To provide attack, damage and strike assessment information, a system of improved nuclear detonation detection sensors has been developed. Formerly known as the Integrated Operational Nuclear Detection System (IONDS) and now called the Nuclear Detection System (NDS), these sensors will be deployed on board the Global Positioning System (GPS) constellation of navigation satellites scheduled to achieve full operational capability in the late 1980s. The Nuclear Detection System will provide precise location, yield, and height of burst information on any nuclear explosion worldwide. During peacetime, NDS will contribute to nuclear test ban monitoring; during the nuclear war it will also provide strike and damage assessment. If nuclear escalation is to be controlled, this system is essential to the United States as a survivable means of providing accurate, near real-time information on nuclear weapon results, both ours and the enemy's, allowing the National Command Authorities to select an appropriate response and enhancing retargeting and strategic force management. Terminals for NDS will come in tactical versions to provide the same nuclear detonation (NUDET) information to field commanders.
Further information from The U.S. Intelligence Community, 2ed (1989) by Jeffrey Richelson:
Detection of nuclear detonations is the secondary function of at least two satellite systems. Since the Defense Support Program (DSP) satellites' initial launch in 1971, their secondary function has been the detection of nuclear explosions in space or the atmosphere.
The princpal mission of DSP satellites is to provide early warning of a Soviet missile attack. Hence, they also provide notification of Soviet, Chinese, and other nations' missile tests. The satellites are cylindrical and about 23 feet long and 9 feet in diameter, weighing up to 22,000 pounds. The means of detection is a twelve-foot-long Schmidt infrared telescope that is thirty-nine inches in diameter. The telescope has a two dimensional array of lead sulfide detectors at its focus to sense energy emitted by ballistic missile exhausts during the powered stages of their flights.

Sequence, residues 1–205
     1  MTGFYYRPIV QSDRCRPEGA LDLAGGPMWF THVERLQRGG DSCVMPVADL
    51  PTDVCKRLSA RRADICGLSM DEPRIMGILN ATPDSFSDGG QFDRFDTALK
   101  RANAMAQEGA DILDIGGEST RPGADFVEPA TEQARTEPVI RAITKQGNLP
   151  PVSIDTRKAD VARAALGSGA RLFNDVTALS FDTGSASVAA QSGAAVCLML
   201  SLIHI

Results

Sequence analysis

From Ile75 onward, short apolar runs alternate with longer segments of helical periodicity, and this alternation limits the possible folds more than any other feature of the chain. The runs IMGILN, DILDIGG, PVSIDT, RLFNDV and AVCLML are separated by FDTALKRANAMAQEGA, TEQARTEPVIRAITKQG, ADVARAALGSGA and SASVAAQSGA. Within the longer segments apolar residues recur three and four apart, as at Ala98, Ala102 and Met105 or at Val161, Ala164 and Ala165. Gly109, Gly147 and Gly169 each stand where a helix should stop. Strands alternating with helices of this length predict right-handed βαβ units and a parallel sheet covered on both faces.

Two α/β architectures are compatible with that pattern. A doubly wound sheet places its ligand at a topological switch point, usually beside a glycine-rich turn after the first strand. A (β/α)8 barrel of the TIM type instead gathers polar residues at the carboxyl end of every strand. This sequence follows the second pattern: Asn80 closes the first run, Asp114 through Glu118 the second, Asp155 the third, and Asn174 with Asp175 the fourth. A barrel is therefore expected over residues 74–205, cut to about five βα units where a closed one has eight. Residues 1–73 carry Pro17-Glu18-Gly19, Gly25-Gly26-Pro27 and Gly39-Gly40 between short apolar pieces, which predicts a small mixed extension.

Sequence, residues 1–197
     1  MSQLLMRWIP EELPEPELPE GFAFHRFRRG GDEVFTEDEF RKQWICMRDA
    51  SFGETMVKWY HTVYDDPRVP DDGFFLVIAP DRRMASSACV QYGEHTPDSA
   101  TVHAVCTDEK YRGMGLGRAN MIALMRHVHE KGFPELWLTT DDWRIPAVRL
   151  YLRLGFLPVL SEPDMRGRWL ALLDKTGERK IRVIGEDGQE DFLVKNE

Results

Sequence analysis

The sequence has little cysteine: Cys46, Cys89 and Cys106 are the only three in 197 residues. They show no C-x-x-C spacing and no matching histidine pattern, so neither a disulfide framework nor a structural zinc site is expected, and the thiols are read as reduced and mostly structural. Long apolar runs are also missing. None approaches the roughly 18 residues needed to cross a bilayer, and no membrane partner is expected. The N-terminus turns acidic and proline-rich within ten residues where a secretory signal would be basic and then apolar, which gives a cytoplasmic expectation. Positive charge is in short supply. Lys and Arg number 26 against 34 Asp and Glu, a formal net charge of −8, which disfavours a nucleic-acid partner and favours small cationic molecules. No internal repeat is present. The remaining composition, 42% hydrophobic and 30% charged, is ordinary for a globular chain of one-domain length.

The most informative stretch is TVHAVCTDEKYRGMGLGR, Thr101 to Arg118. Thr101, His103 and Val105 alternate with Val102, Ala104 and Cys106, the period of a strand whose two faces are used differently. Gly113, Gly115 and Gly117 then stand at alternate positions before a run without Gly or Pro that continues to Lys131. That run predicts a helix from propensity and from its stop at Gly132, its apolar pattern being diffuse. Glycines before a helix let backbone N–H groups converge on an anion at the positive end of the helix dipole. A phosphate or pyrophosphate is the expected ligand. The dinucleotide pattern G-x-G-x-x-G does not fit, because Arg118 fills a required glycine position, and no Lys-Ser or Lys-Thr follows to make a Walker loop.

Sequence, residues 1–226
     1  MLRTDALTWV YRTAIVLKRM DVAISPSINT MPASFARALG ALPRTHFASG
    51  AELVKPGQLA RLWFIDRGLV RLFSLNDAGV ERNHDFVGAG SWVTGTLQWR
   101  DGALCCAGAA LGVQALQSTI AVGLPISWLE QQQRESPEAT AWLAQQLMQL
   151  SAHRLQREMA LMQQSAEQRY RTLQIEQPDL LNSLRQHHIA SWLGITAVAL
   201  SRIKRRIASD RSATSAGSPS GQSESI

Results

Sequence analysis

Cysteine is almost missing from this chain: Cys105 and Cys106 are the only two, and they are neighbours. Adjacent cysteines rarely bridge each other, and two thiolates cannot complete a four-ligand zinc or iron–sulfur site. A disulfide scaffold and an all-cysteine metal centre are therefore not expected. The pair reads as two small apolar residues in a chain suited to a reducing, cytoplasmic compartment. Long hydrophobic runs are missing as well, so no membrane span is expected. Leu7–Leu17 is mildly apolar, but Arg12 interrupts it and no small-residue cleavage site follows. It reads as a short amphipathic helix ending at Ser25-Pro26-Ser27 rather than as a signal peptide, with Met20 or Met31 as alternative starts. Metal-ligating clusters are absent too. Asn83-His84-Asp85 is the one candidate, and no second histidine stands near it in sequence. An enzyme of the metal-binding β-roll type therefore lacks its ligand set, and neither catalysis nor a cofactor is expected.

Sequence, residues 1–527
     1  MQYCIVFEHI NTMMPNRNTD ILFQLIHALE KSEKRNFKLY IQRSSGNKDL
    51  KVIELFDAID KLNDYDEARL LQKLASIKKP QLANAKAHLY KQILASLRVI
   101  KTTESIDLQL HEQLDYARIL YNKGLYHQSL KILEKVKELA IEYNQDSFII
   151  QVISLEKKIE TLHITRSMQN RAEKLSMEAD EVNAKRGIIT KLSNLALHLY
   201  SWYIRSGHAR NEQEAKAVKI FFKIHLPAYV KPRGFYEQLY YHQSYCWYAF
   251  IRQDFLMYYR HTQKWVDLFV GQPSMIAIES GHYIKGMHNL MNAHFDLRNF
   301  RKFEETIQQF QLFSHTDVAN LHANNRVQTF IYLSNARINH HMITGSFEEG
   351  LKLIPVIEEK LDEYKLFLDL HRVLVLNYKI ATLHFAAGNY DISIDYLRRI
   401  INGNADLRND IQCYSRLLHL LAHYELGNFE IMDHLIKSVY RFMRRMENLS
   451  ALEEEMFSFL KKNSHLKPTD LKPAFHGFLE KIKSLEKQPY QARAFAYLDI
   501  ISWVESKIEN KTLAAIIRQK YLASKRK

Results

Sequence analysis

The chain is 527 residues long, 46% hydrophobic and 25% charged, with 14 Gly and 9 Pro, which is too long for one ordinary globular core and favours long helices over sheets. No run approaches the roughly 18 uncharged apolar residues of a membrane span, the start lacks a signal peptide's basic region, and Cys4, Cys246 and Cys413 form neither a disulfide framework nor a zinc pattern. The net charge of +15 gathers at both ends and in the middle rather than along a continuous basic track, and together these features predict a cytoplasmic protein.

The prime means for providing trans- and post-attack nuclear detonation monitoring will be the Nuclear Detonation (NUDET) Detection System (NDS), carried on board the NAVSTAR Global Positioning System (GPS) satellites. The primary function of the GPS is to provide accurate locational data for targeting and navigational purposes; the NDS will represent a major secondary function.
Beginning with the launch of GPS-8 in 1983, the NDS has been carried (and will continue to be carried) on all GPS satellites.
The two NDC packages will include x-ray and optical sensors, Bhangmeters, EMP (electromagnetic pulse) sensors, and a data processing capability that will allow the detection of nuclear weapons detonations "anywhere in the world at any time and get its location down to less than a [100 meters]." Data will be reported on a real-time basis - either directly to ground stations located at Diego Garcia; Kwajalein Atoll; Ascension Island; Kaena Point, Hawaii; Andersen Air Base, Guam; Adak, Alaska - or first to airborne terminals or other GPS satellites for subsequent downlink transmissions. All principal U.S. command posts, including E-4B and EC-135 aircraft, will receive NDS sensor data directly.
Click here for the GPS outline taken from a presentation I gave at DefCon IV in 1996.
Boeing, the contractor for the follow-on GPS IIF space vehicles, has more information on GPS.
Trimble, an equipment manufacturer, has a good introduction to GPS.